Update on recession/deflation risk in the US and euro risk in Europe

- Rising risk of recession and deflation in the US
• "Fears of a double-dip recession and the risk of deflation have risen appreciably. While our own baseline forecast has not moved that far, the downside risks have clearly increased. We review the recent US economic news and what can be gleaned from movements in financial indicators, indexes of leading indicators, and recession probability models."
• "We find that recession probabilities have in some cases risen close to levels that have in the past been associated with ensuing economic downturns. While the evidence on this point is mixed, the risk is heightened by two policy factors: (1) a Fed that is running very low on available policy stimulus measures and (2) fiscal policy that is scheduled to turn substantially contractionary in the quarters ahead, with at best mixed signals from Washington on the prospects for relief on that score."
• "With inflation low, economic slack high and possibly rising, and longer-term inflation expectations showing some signs of wavering, the possibility of dipping into deflation grows larger. We judge the risk of deflation to be somewhat greater than that of a serious double-dip recession."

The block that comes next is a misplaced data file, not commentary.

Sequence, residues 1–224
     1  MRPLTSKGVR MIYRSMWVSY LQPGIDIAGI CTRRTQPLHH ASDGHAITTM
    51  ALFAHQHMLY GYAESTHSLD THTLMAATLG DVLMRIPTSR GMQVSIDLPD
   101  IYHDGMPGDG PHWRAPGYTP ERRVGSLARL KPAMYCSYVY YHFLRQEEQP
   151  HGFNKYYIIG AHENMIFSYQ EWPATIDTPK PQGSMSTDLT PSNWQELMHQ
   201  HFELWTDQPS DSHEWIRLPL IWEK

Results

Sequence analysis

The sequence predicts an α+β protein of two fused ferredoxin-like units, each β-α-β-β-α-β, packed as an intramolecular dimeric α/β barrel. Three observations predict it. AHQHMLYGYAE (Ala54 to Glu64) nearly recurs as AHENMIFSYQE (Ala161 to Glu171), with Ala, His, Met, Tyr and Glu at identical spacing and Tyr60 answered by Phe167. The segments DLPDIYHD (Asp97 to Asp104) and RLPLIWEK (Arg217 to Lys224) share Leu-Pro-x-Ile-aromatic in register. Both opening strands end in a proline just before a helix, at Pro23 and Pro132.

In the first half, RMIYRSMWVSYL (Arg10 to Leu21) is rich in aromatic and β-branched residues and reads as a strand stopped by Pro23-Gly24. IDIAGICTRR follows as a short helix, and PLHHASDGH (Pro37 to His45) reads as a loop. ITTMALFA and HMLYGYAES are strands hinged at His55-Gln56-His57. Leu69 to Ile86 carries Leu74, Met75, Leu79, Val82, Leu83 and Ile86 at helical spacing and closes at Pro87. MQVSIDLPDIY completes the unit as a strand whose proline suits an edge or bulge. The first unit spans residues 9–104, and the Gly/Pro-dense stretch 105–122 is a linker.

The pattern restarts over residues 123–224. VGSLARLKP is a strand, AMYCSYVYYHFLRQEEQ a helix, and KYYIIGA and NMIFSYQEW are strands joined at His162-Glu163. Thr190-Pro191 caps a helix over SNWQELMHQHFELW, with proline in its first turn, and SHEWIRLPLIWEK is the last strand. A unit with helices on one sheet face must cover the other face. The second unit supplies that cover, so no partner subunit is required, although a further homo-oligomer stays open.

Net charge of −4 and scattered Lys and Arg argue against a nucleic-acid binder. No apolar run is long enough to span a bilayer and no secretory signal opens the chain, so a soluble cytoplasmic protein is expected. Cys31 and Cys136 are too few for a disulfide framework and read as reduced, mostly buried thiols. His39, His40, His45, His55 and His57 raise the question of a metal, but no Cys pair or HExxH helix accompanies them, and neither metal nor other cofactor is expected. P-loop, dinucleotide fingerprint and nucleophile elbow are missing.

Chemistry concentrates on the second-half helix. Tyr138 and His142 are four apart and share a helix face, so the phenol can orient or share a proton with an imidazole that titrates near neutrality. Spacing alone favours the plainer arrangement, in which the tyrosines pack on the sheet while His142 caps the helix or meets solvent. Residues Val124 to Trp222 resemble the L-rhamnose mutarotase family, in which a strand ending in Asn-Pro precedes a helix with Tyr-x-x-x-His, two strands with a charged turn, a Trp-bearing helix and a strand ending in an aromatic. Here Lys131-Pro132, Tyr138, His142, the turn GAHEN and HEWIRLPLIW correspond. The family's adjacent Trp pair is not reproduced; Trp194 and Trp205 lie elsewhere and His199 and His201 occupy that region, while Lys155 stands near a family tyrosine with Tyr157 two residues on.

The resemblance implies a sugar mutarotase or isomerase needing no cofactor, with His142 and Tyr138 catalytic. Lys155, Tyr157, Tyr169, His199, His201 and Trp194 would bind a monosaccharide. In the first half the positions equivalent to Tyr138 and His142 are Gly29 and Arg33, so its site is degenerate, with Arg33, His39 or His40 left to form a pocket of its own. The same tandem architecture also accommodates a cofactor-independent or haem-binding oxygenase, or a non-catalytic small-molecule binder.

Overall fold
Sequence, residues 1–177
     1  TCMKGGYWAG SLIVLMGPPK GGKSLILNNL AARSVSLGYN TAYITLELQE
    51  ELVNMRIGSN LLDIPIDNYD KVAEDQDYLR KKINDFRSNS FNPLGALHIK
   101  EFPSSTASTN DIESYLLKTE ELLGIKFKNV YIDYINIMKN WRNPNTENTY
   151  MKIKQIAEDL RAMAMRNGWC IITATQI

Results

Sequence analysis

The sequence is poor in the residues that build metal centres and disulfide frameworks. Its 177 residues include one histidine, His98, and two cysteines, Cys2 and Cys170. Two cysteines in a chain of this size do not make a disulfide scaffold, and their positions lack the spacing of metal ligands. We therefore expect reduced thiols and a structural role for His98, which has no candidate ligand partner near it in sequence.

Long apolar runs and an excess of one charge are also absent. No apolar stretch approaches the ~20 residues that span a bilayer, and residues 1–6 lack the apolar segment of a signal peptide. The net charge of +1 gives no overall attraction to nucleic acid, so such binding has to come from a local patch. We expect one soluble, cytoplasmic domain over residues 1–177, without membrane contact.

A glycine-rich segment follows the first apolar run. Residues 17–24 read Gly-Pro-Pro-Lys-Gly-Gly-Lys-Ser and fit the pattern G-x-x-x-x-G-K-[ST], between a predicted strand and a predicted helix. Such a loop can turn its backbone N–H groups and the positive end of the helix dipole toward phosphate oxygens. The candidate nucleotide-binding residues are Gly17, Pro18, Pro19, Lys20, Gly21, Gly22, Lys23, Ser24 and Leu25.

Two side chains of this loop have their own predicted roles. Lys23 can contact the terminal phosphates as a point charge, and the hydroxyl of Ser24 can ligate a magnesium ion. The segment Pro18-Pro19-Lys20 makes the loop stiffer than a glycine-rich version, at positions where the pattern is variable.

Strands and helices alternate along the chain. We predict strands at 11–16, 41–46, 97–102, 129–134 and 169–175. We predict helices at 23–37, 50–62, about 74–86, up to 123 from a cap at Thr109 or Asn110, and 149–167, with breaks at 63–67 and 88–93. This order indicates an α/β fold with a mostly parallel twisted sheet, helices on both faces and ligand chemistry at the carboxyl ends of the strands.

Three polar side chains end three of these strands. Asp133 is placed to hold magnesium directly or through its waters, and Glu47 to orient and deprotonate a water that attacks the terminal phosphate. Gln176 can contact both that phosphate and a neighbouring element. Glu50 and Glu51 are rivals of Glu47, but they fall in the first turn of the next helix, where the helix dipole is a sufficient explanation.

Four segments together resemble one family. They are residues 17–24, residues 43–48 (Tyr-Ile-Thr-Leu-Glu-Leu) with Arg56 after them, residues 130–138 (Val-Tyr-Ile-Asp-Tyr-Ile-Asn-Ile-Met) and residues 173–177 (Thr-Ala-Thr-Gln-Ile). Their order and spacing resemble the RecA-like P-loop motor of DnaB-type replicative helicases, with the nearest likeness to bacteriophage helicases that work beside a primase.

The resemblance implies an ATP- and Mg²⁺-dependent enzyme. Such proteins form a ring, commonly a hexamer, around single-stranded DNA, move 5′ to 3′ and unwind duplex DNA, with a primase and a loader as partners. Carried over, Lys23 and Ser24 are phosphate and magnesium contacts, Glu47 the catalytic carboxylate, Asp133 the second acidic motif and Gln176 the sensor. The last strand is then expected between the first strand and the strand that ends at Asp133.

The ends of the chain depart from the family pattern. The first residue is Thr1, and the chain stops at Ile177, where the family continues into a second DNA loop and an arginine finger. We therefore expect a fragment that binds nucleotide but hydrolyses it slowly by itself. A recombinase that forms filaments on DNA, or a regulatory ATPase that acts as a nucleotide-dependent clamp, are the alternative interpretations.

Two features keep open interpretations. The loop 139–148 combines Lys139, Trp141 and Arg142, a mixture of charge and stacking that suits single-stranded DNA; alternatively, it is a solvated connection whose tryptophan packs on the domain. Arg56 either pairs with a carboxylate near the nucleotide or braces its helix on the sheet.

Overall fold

- Euro crisis: Mission not yet accomplished
• "Policy makers so far have treated the euro crisis as a liquidity crisis while market participants have tended to believe that at the heart of the euro crisis is the insolvency of one or more euro area states. Hence, measures taken so far have not been able to reduce tensions in EMU bond and money markets."
• "To reassure markets authorities need to develop a scheme that can deal with an insolvent state within EMU, if only as a contingency plan in case their assessment that adjustment will be successful proves wrong. The key for such a scheme is to allow a sovereign default in EMU at minimum cost for tax payers by building an efficient safety net for investors in EMU government debt."
• "Without such a scheme, failure of the deficit countries to adjust as promised could turn into a life-threatening event for EMU. But it will probably take a return of the euro crisis and a clear and present danger of a collapse of EMU to trigger the construction of such a scheme. We expect this to happen within the next one to two years."

DeutscheBank Global Economic Perspectives 20100901

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